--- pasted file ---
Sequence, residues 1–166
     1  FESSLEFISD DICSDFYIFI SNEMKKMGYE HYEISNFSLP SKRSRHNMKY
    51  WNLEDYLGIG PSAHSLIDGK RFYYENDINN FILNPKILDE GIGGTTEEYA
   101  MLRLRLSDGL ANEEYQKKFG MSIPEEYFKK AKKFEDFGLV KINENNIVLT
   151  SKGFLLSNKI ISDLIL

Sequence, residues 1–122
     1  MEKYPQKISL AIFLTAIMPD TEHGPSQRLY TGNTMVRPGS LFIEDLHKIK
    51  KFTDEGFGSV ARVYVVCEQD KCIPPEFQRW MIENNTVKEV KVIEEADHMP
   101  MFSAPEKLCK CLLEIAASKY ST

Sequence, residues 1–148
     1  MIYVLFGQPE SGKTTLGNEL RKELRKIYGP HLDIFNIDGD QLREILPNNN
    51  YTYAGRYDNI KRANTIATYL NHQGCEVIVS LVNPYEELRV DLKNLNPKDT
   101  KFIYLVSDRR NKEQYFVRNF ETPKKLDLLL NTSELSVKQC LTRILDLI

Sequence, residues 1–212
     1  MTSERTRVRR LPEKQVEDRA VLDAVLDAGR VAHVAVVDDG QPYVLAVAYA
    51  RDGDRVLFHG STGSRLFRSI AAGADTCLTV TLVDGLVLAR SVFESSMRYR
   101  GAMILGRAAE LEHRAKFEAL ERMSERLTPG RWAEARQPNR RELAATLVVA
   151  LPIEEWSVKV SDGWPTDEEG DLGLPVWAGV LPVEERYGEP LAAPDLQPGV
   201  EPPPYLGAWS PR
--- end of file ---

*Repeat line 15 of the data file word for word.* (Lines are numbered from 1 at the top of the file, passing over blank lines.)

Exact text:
     1  MTSERTRVRR LPEKQVEDRA VLDAVLDAGR VAHVAVVDDG QPYVLAVAYA